Answering “What Should I Do?” Is Easier When You Know The Roles Of Social Movements

People have the power protest inside Ferguson City Hall protest October 13, 2014

The United States is going in the wrong direction on a wide range of social, economic and foreign policy issues and people are justifiably upset and angry. One question we are regularly asked is: “What should I do?” In our last two newsletters, we examined the stages of successful social movements to show how movements can progress toward victories. This week, we attempt to answer the question by describing the fifth class of the Popular Resistance School, “The Roles of Individuals and Movements” and how to be effective at them.

There are many necessary roles in the popular movement at this time, which means there is something for everyone to do. We are at a critical moment when the fifteen core issues of the movement for economic, racial and environmental justice as well as peace are in crisis and people are organizing to solve them.

As we wrote in 2011, during the preparations to occupy Freedom Plaza in Washington, DC, on a broad range of issues from taxing the rich to getting money out of politics to strengthening the social safety net and more, there is already majority support. In 2014, Josh Sager demonstrated that while in electoral politics the US appears to be center-right (and shifting ever rightward), the people’s positions are center-left. National consensus for solutions to the crises is growing despite the lack of commercial media coverage.

The necessary ingredients for winning major social changes – national consensus on issues and a mobilized ‘movement of movements’ – are developing, but these ingredients merely create the conditions for change. To realize those changes, we need to understand what the various roles are that people need to take on and how to be effective in those roles by avoiding the pitfalls that could undermine our work toward the society we desire to create.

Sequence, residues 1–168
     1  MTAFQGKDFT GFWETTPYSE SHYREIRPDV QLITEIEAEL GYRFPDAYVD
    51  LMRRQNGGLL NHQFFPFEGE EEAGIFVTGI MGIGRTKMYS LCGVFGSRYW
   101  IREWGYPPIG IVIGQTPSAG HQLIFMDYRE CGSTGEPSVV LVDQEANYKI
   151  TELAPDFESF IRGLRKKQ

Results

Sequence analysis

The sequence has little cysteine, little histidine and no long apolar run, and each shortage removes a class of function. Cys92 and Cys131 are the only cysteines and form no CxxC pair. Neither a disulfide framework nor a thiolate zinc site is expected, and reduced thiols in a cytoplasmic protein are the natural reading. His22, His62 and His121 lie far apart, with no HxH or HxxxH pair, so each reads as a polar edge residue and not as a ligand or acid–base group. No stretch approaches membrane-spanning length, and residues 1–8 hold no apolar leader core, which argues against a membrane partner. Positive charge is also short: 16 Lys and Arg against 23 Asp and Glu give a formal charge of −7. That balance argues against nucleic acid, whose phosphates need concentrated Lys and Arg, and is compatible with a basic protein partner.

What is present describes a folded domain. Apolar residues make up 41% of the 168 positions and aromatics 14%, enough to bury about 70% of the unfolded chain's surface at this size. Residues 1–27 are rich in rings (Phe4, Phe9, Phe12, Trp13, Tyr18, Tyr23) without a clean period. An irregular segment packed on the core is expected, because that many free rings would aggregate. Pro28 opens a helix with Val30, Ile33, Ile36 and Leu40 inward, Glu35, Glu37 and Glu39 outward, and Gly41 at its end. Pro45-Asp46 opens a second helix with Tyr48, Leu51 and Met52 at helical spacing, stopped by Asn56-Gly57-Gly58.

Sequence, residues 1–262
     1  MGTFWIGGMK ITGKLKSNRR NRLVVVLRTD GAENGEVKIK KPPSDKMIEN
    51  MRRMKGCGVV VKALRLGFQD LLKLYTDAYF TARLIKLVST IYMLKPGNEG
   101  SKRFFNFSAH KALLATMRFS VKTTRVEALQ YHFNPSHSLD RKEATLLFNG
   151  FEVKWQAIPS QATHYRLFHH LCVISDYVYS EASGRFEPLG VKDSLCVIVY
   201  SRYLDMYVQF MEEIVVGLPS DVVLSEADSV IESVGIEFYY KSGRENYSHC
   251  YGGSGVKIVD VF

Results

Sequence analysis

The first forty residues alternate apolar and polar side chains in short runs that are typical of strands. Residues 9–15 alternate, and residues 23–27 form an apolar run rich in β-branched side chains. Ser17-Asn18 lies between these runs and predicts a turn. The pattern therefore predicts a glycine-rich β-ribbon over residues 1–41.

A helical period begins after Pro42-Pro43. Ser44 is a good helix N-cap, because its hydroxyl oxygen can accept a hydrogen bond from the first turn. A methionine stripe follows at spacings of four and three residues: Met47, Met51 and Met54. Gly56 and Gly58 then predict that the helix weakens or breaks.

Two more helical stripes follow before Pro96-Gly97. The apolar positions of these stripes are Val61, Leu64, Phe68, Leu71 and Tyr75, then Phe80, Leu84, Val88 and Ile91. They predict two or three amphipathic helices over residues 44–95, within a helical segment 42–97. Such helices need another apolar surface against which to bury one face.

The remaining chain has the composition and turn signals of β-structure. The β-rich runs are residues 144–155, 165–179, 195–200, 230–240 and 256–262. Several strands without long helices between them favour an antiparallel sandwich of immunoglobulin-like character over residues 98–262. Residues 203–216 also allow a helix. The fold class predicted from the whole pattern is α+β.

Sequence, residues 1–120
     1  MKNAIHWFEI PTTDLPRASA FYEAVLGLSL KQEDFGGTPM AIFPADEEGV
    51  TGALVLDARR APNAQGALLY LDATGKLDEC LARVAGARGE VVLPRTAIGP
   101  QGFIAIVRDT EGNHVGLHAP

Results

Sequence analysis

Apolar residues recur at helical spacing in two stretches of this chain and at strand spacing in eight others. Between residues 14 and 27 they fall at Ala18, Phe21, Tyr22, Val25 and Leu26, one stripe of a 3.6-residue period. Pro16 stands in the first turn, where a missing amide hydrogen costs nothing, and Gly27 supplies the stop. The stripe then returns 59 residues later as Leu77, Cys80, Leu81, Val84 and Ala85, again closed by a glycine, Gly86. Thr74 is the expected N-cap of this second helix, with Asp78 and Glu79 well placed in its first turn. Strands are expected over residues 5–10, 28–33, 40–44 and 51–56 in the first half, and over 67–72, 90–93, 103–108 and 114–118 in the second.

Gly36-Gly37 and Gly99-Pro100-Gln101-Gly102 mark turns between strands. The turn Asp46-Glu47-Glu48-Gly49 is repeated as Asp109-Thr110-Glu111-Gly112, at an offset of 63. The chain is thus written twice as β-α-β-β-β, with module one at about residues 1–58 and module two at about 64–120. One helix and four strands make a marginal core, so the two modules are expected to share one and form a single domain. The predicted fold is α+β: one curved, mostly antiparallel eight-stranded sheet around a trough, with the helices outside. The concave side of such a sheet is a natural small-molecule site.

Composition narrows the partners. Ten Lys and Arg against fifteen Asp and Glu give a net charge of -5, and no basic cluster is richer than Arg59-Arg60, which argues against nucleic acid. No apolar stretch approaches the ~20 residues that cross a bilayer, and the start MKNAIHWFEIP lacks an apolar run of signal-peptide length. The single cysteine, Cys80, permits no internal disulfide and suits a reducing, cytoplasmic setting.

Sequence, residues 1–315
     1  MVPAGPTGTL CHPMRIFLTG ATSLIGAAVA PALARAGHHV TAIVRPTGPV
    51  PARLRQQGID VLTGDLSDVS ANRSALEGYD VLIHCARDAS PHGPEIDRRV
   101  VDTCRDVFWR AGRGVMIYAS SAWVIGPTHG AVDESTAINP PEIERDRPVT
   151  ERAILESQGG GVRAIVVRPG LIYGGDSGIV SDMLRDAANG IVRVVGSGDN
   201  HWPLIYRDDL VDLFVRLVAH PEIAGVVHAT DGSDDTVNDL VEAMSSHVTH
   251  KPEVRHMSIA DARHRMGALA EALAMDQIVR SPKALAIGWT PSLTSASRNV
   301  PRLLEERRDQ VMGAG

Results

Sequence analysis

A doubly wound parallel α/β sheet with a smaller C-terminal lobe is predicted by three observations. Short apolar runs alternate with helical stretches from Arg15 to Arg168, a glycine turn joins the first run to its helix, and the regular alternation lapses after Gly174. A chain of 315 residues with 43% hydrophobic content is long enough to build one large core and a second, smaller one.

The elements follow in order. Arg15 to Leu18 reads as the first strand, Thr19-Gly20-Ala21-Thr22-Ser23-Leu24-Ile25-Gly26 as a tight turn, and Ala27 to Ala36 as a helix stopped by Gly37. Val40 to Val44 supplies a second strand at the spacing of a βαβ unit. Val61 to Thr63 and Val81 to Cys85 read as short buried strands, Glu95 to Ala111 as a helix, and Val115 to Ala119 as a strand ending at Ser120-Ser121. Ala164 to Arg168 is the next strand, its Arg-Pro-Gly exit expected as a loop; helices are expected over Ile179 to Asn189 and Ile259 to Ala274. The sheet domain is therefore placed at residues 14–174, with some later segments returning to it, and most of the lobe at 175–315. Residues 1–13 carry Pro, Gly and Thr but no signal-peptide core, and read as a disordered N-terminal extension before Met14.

There are four basic roles in a movement and each one is needed. Some people can play more than one role or can move from one to another and some will be most comfortable focusing on one role.  The prominence of each role changes throughout the development of a successful social movement, as the tasks of each stage, differ. People often gravitate toward one role and that can be seen early in life in the way they respond to challenges. Review this list and consider which roles resonate with you.

  1. The Advocate or Reformer: The advocate is most drawn to working with those in authority to create change, perhaps through educating legislators, writing policy or using the courts. The movement role played by the advocate is to translate the demands of the people’s movement for the power structure and to act as a watchdog for the movement.
  2. The Organizer or Change Agent:  The organizer works to bring people together to solve problems, especially in a way that is empowering such as using horizontal, democratic processes for making decisions. The movement role played by the organizer is to grow the movement and to facilitate coordinated strategic activities.
  3. The Helper or Citizen: The helper is typically a more mainstream person who is drawn to providing direct aid to solve problems.  If a neighbor can’t shovel the snow off their sidewalk, the helper will do it. The role that the helper plays in the movement is to show that there is widespread support for the aims of the movement and to bring greater legitimacy to the movement.
  4. The Rebel: The rebel is one who is most likely to make a lot of noise about an injustice. When something bad happens, the rebel wants everyone to know and will confront the power holders about it. The role that the rebel plays is to highlight injustice and to take direct action in order to create the tension required for changes to occur.

To be effective, the roles need to be handled in ways that achieve the grand strategy of the movement; i.e. (1) To grow the movement by pulling people toward it, especially people in the power structure; (2) To create unity in the movement so solidarity is strengthened and people work together for common objectives; and, (3) To deepen our understanding of the issues and the solutions to injustices and crisis situations that are needed.

Each of these roles can be played in ways that achieve these strategies or, if done poorly, can undermine the movement. For example, an effective advocate will be accountable to the people in the movement and will represent their views, while an ineffective advocate may start to ally more with the power holders than with the people and might try to convince the movement to compromise in ways that violate their fundamental goals.